Conflict resolution is a skill best learned through experience. There are productive ways to defuse tense situations that may not seem obvious to those who lack tact. And impulsive responses are often ill-advised. Consider this one.
When Richard Scott Brookshire’s neighbors took issues with the amount of noise coming from his apartment, one of them wrote him a disparaging note. It wasn’t eloquent. Worse yet, it ended with the admonition: “please learn your manners.”
Brookshire’s own rhetorical sophistication easily trumped that of his sleepless neighbors, and his response was brutal.
To: The Passive Aggressive Neighbor and His Wife / Apartment 5-J From: Richard / Apartment 6-J
Re: I’m Finna Tell You What You Not Gon’ Do October 6th 2016
This letter serves a formal response to a note left by you expressing, in no uncertain terms, your intent to notify building management and the authorities of what you perceived to be the inconsiderate volume of my speaking voice in the evening hours of October 5, 2016. First, let me be clear in addressing my lack of bother for your grievance and resolve to not be coerced to remedial action by your idle threats or seemingly pervasive white tears. I, the tenant in apartment 6-J, having secured this rental property through earnings / made and credit / earned, have no inherent or expressly stated obligation to accommodate your hyper-sensitivities, or those of your spouse when occupying my home. Though I empathized with the emotional distress brought on by sleep deprivation, citing my voice as the root-cause for your incapacity to attain restful slumber is both improbable and juvenile. Even in the off chance that my voice had been above what you consider to be considerate, the aggressive posturing of your note to address the matter was wholly unnecessary and, quite frankly, unproductive.”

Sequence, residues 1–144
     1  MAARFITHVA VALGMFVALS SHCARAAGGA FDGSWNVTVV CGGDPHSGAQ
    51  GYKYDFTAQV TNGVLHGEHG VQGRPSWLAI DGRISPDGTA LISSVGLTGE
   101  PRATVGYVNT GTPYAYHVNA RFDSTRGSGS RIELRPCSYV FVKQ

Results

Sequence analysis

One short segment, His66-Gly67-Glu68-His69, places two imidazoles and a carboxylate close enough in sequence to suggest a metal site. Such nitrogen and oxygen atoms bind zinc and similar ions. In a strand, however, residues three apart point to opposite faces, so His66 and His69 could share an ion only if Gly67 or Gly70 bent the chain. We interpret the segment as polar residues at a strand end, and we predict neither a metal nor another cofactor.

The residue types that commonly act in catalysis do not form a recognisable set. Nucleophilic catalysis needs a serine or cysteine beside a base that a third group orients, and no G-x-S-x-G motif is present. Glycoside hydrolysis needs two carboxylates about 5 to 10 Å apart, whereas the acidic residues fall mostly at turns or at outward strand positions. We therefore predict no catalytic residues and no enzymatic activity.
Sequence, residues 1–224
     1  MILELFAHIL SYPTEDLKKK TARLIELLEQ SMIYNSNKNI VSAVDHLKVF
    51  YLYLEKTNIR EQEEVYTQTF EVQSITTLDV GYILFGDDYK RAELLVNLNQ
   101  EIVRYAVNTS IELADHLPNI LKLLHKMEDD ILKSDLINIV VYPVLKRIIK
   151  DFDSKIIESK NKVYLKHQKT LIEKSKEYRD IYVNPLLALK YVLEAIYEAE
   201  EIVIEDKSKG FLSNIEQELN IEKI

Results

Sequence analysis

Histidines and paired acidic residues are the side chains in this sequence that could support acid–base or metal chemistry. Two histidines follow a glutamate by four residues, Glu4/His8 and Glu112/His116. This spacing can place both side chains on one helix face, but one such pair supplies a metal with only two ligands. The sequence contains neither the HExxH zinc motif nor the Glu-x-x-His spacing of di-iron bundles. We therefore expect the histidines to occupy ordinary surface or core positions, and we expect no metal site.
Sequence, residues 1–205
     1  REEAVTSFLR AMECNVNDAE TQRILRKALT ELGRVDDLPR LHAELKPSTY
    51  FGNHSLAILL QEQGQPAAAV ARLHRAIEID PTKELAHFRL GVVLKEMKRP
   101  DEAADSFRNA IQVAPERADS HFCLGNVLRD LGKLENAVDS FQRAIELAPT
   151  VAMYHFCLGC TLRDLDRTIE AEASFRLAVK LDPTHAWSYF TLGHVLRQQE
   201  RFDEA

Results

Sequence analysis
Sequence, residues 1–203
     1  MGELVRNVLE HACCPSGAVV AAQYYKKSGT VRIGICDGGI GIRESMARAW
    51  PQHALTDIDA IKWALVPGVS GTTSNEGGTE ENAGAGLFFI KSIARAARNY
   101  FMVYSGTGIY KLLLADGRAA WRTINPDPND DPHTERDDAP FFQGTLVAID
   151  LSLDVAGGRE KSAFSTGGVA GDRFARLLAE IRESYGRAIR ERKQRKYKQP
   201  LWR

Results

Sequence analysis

Second, your lack of both interpersonal and intrapersonal intelligence reflects poorly on you as a neighbor, and frankly an American. As one of the only tenants of color occupying this building at full market rate, I find it personally abhorrent that you’d levy the threat of involving the authorities for an insignificant infraction such as the one you noted in your poorly written and ill-thought-out correspondence. As a Black man, I take these overt actions as a direct threat to my physical and psychological well-being and as an act of violence upon me (See attached list of 821 men, women, and children killed by police or in police custody to date in 2016). This threat cannot be taken lightly. To that end, I am submitting my formal complaint to both the New York City Police Department, the American Civil Liberties Union and the District Community Board so that they are made aware of your callous and irrational threats upon my person. Lastly, I think it’s worth reminding you that you currently reside in Northern Manhattan, an enclave of ethnic and racial diversity that existed in community well before your gentrifying arrival. In the words of Robert Jones, Jr., ‘one of the great divides between white people and black people (or the wealthy and the not wealthy) is noise.’ Look forward to me continuing to make it at the volume in which I determine is acceptable. Should you feel the need to threaten me again, please do so in person so that an amenable solution can be reached.
Kind regards, Richard Scott Brookshire III, MPA
Your #VeryBlack Neighbor #blacklivesmatter”
What do you do when you get schooled this brutally?
It is worth noting, too, that he doesn’t hide behind the anonymity that a simple note stuck on a door might afford. He owns his response.